Images

The graphics are from this pack of images, made transparent using this process.

ALC-17AttackChoppers

 

Simply right click and save to your project directory.

 

Source Code

Drawing an Image

local imageFile

function love.load()
    imageFile = love.graphics.newImage("ALC-17.PNG")
end

function love.draw()
    love.graphics.draw(imageFile)
end

 

Using a Spritesheet

local imageFile
local frames = {}

local activeFrame
local currentFrame = 1
function love.load()
    imageFile = love.graphics.newImage("AttackChoppers.PNG")
    frames[1] = love.graphics.newQuad(0,0,128,64,imageFile:getDimensions())
    frames[2] = love.graphics.newQuad(128,0,128,64,imageFile:getDimensions())
    frames[3] = love.graphics.newQuad(0,64,128,64,imageFile:getDimensions())
    frames[4] = love.graphics.newQuad(128,64,128,64,imageFile:getDimensions())
    activeFrame = frames[currentFrame]
    print(select(4,activeFrame:getViewport())/2)
end

function love.draw()
    --love.graphics.draw(imageFile,activeFrame)
--[[    love.graphics.draw(imageFile,activeFrame,
        love.graphics.getWidth()/2 - (select(3,activeFrame:getViewport())/2) * 2,
        love.graphics.getHeight()/2 - (select(4,activeFrame:getViewport())/2) * 2,

            0,
            2,
            2)
]]--
    -- draw image 4x size centered
    love.graphics.draw(imageFile,activeFrame,
        love.graphics.getWidth()/2 - ({activeFrame:getViewport()})[3]/2 * 4,
        love.graphics.getHeight()/2 - ({activeFrame:getViewport()})[4]/2 * 4,
        0,
        4,
        4)
end

local elapsedTime = 0
function love.update(dt)
    elapsedTime = elapsedTime + dt

    if(elapsedTime > 1) then
        if(currentFrame < 4) then
            currentFrame = currentFrame + 1
        else
        currentFrame = 1
        end
        activeFrame = frames[currentFrame]
        elapsedTime = 0
        end
end

 

 

The Video

Programming


14. February 2016

 

A new version of Love, the popular Lua based 2D game engine, was released today.  Release 0.10.1 brings:

Additions
Bugfixes
  • Fixed a Lua error in the no-game screen if the window's height is too small.
  • Fixed the default error handler to reset the mouse Cursor.
  • Fixed love.filesystem functions crashing when called if liblove is used directly without calling love.filesystem.init.
  • Fixed audio on Android to pause when the app is inactive, and resume when the app becomes active again.
  • Fixed Source:setRelative to set the relative state of playing Sources to the passed value rather than an old cached one.
  • Fixed the Video decoding thread hanging after Video:seek or when a Video finishes.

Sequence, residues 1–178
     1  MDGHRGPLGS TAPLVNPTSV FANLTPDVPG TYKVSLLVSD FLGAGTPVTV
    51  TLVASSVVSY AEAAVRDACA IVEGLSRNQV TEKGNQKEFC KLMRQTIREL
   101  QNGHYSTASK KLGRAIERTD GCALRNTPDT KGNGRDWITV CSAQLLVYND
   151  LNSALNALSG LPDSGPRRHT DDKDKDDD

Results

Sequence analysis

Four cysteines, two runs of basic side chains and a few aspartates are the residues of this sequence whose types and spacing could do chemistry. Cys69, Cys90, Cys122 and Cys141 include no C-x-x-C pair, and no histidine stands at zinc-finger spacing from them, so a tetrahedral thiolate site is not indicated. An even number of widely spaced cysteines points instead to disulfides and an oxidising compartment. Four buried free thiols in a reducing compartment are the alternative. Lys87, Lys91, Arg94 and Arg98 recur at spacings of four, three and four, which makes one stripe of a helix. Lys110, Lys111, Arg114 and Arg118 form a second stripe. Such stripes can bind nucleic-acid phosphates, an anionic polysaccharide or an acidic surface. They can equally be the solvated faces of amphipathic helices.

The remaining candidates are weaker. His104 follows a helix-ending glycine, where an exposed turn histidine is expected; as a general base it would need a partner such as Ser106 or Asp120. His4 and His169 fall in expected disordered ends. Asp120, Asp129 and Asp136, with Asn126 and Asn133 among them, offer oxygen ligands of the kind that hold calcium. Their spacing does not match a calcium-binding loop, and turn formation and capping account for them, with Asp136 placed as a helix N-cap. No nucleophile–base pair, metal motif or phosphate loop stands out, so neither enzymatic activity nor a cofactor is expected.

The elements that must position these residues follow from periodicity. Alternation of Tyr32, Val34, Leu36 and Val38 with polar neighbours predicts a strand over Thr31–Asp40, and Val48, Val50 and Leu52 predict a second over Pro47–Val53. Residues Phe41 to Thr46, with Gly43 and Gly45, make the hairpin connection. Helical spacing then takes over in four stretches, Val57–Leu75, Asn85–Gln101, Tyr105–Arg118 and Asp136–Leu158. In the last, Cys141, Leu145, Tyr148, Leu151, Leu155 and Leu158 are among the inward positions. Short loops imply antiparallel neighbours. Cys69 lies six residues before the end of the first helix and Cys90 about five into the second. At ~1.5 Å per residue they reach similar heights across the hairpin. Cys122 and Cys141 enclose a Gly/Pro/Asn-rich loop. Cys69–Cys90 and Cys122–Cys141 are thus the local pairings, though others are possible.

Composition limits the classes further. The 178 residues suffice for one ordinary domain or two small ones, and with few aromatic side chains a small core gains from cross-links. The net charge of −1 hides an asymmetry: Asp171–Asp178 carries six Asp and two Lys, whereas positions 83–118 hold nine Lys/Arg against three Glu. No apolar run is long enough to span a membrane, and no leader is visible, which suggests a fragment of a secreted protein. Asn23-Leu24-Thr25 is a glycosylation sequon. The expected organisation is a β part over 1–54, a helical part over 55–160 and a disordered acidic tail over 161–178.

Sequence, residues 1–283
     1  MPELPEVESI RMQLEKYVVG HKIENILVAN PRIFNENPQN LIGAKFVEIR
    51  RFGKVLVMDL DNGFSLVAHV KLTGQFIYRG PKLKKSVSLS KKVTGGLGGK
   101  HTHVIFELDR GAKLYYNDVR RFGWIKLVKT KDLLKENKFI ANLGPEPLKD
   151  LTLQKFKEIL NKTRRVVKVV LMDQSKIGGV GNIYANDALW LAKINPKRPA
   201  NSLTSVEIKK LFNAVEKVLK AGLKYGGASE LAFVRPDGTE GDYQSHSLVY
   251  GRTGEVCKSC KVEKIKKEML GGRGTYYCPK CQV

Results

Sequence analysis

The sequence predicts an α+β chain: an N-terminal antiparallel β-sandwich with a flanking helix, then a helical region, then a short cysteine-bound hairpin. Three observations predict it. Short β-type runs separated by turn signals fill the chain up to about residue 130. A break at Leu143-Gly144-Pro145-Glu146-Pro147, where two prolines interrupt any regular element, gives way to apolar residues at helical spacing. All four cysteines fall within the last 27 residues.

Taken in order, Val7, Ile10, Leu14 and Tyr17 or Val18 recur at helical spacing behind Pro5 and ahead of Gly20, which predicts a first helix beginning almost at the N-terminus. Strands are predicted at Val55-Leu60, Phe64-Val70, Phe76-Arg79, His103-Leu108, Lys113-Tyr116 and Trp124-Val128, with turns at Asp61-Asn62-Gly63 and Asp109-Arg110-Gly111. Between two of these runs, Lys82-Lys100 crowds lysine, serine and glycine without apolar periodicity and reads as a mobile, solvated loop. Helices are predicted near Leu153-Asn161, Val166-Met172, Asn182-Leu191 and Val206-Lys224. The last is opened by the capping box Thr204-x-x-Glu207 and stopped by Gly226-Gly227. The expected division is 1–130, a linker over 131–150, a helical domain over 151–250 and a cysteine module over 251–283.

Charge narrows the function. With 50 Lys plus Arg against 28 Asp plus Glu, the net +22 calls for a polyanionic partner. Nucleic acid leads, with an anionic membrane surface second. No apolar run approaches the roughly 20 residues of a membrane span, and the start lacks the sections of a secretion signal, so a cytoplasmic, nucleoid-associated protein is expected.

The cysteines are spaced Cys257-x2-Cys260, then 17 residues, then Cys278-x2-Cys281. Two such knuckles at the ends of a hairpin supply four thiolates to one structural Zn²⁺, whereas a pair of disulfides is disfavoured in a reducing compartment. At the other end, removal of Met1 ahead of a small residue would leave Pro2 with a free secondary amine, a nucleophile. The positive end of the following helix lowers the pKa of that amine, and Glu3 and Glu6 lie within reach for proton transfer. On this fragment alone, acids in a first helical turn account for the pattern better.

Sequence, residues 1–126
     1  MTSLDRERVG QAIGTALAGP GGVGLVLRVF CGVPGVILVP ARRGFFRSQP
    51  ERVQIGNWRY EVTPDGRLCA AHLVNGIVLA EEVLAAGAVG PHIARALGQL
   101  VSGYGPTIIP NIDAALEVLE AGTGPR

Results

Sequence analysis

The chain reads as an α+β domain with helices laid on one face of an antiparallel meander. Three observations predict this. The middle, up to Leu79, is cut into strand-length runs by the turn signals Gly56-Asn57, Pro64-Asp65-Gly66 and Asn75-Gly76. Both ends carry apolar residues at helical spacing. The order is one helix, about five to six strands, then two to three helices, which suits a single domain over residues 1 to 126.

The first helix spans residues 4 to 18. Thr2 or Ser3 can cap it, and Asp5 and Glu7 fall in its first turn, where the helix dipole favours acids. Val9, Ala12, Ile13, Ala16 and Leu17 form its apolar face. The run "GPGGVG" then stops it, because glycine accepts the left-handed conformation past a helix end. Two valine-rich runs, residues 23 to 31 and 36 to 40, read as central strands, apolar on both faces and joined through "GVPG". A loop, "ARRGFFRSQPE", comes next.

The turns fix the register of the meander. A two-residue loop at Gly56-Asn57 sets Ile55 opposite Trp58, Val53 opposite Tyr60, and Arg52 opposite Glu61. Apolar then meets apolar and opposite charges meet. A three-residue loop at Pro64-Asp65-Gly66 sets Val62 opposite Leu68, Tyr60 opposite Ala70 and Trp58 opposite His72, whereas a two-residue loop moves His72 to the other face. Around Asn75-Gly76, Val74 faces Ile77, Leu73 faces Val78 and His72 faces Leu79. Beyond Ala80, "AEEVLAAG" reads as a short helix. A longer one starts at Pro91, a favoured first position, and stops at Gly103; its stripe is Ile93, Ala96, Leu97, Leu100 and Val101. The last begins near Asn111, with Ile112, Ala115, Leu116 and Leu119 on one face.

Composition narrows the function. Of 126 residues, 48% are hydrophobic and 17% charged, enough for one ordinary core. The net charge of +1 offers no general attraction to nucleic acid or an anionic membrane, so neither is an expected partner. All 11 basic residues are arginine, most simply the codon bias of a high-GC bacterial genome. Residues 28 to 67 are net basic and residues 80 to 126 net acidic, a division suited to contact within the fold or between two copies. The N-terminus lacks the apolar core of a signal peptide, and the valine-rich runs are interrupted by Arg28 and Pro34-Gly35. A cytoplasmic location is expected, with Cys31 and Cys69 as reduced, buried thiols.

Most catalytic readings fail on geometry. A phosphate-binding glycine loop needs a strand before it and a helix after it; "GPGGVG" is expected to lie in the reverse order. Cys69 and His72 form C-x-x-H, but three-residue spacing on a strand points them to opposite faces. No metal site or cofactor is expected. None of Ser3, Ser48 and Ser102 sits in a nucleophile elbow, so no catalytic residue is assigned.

• Fixed Video:isPlaying to always return false after it finishes playing.
  • Fixed RandomGenerator:random crashing if a nil 'self' is used.
  • Fixed loading BMFont files which have characters with 0 width or height (a space character, for example).
  • Fixed love.graphics.newFont causing crashes if FileData is passed in.
  • Fixed love.graphics.clear(colortable) causing crashes on OpenGL ES 2 systems when a Canvas is active.
  • Fixed love.graphics object creation functions (e.g. love.graphics.newImage) to error instead of crash, if called before a window has been created.
  • Fixed a driver bug on some Android devices which caused all objects to show up as black.
  • Fixed a driver bug on Windows with AMD graphics cards where love.graphics.clear would not always work.
  • Fixed Shader:sendColor incorrectly converting alpha values from sRGB to linear RGB when gamma-correct rendering is enabled.
  • Fixed love.graphics.newMesh(vertices) double-converting colors from sRGB to linear RGB when gamma-correct rendering is enabled.
Other changes
  • Updated the Windows executable to prefer the high-powered AMD graphics card on systems which have switchable Intel+AMD GPUs.
  • Updated love.touch.getTouches to return the list of IDs in the relative order that the touches initially happened (i.e. the first ID in the list is the least recently pressed touch that is currently active), instead of being in a random order.
  • Updated the error messages caused by invalid or bad arguments to ImageData and SoundData methods to be more descriptive.

If you are interested in learning more about Love and Lua I featured it in this multi-part video tutorial series for beginning gamedev.

GameDev News